2. Discounted Cash Flow (DCF) Model
The DCF model extends the three-statement model by calculating the Present Net Value (NPV) of a company’s future cash flow. The DCF model includes the cash flows from the three-statement model, modifies them as needed, and then utilizes Excel’s XNPV tool to reduce them to the current time at the company’s Weighted Average Cost of Capital technique.
3. Merger Model (M&A)
The M&A model is a significantly more comprehensive and common model used to assess the pro forma accumulation of a merger or acquisition. It is usual to practice to employ a single tab model for each firm, with the consolidation of Company A + Company B = Merged Co. The degree of complexity might vary greatly. This concept is frequently utilized in investment banking and/or company growth.
4. Initial Public Offering (IPO) Model
Investment bankers and company’s strategic specialists also use Excel to create IPO models to value their companies before going public. These models use comparative market analysis with an estimate about how much investors are willing to pay for the company in the issue. An IPO model’s pricing incorporates “an IPO discount” to guarantee the trading activity well in the secondary market.
5. Leveraged Buyout (LBO)
A leveraged buyout deal often necessitates the modeling of complex loan schedules, a more advanced kind of financial modeling. Because of the various layers of funding, an LBO is frequently one of the most detailed and difficult financial models to develop, as it necessitates cash flow waterfalls. Outside of private equity and investment banking, these types of approaches are uncommon.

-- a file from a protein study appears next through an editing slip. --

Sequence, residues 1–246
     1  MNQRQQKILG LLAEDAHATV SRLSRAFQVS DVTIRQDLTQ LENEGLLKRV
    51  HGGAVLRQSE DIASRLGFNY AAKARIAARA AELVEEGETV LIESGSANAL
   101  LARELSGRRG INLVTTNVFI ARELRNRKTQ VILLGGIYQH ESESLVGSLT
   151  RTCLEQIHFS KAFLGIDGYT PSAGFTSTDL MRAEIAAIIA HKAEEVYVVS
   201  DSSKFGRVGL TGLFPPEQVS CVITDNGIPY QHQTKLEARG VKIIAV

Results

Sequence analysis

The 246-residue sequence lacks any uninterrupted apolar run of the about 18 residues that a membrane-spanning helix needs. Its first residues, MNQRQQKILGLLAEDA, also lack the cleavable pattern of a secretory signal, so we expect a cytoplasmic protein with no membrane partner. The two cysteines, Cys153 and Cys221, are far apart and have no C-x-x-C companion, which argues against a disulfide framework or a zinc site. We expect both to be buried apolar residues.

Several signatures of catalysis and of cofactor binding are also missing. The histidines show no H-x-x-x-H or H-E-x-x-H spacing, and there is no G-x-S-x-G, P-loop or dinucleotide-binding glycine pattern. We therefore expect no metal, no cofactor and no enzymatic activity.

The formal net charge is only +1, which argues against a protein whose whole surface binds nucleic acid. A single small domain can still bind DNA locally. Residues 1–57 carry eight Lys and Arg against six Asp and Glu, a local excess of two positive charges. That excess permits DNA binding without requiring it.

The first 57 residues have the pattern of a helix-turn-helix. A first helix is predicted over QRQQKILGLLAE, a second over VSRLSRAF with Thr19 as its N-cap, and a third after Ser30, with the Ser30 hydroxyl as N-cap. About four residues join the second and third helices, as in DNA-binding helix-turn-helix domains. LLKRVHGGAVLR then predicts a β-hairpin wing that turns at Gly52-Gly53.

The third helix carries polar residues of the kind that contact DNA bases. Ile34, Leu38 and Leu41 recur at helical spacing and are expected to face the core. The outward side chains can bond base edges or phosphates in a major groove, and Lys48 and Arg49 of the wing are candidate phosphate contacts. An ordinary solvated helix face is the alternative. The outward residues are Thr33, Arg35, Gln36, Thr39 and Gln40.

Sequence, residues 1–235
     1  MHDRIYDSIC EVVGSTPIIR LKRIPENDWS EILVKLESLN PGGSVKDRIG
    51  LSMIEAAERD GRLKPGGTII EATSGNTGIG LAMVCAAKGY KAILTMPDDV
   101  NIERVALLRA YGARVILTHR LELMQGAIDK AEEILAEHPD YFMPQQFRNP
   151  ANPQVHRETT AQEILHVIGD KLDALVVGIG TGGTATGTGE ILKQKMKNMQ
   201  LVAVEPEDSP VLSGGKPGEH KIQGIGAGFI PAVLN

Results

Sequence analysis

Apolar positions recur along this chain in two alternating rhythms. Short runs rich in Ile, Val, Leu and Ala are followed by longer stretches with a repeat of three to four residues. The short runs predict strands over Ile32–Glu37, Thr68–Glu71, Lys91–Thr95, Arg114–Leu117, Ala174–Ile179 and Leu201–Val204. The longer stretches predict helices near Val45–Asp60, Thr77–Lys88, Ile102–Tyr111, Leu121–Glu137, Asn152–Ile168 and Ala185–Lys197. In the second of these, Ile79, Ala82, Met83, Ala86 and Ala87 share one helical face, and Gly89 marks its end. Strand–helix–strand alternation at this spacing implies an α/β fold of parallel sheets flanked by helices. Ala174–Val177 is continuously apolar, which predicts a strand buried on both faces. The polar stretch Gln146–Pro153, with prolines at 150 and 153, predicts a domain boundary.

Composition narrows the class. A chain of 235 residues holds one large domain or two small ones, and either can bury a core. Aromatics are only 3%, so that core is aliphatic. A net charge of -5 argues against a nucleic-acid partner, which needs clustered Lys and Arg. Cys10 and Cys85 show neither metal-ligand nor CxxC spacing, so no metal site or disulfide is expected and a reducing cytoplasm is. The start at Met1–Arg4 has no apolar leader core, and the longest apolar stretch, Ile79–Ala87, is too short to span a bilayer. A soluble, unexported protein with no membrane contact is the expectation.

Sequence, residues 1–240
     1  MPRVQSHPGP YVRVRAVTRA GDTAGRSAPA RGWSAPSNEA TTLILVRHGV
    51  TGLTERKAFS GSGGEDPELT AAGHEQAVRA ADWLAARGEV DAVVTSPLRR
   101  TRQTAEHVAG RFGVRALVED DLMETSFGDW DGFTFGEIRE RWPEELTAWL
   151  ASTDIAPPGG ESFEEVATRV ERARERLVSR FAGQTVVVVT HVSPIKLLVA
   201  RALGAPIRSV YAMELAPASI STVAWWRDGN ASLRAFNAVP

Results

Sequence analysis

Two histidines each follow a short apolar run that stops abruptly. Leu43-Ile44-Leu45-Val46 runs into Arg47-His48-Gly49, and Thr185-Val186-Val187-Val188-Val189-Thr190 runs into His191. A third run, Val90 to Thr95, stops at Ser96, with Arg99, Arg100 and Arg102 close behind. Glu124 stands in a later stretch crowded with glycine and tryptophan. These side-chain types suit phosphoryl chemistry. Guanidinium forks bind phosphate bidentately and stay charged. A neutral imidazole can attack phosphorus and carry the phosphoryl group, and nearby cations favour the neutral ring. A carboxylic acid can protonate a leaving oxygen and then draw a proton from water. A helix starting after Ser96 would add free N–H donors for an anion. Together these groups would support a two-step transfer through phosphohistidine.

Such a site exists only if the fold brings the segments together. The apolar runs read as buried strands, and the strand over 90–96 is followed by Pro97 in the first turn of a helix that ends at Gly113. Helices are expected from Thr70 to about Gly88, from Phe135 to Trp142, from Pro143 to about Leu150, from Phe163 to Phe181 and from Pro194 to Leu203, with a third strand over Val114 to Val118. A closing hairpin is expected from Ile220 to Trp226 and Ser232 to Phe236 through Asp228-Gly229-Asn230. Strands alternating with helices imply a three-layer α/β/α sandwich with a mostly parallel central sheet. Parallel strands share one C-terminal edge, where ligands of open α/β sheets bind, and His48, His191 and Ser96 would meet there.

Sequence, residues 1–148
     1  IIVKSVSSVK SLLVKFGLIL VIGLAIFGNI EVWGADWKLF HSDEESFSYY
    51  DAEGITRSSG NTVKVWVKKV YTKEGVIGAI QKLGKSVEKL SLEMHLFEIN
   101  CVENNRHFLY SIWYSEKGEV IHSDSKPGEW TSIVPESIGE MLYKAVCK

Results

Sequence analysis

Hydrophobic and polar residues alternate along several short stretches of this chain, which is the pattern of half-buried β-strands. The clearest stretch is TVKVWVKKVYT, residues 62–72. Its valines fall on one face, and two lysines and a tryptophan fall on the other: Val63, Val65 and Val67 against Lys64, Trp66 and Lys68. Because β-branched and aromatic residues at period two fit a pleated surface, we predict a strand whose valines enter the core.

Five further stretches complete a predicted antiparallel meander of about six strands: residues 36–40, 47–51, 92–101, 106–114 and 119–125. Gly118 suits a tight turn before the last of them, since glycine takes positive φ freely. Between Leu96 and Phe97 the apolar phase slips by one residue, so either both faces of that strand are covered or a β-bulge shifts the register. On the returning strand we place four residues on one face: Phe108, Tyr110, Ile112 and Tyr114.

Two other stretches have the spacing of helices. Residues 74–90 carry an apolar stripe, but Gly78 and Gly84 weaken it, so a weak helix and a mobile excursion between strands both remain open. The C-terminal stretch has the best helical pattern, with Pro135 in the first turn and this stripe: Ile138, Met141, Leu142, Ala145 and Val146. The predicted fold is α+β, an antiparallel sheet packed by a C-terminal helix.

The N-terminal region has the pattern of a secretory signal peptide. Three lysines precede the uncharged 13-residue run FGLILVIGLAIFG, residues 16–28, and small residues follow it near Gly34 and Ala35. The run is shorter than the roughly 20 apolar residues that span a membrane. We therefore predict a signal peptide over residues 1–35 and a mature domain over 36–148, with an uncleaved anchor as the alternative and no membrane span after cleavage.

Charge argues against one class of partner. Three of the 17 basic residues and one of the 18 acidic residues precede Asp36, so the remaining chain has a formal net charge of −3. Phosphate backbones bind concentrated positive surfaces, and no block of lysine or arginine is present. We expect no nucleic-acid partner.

6. Sum of the Parts Model
This type of model is constructed by combining different DCF models. So, for example, you would add together (hence the term “Sum of the Parts”) the values of business units A, B, and C, minus liabilities D, to get the company’s Net Asset Value. Following that, any other components of the firm that would not be suited for a DCF analysis (for example, marketable securities that would be valued based on the market) are added to the business’s worth.
7. Model of Consolidation
This model incorporates many business units into a single model. Each business unit often has its own tab, with a merger tab that adds up the other business units. This is comparable to a Sum of the Parts exercise. Division A and Division B are combined to form a single, consolidated worksheet. Check out the free consolidation model template from CFI.
8. Budget Model
This is used to model finance for financial planning and analysis (FP&A) professionals to prepare the budget for the future year (s). Budget models are often based on monthly or quarterly numbers and strongly emphasize the income statement.
9. Forecasting Model
This kind is also used in financial planning and analysis (FP&A) to create a prediction compared to the budget model. Sometimes the budget and forecast models are incorporated into a single spreadsheet, and other times they are completely distinct.
10. Option Pricing Model
Binomial tree and Black-Scholes systems are the two most used forms of option pricing models. These models are based solely on complex algorithms rather than subjective criteria and, as such, are just a simple calculator built into Excel.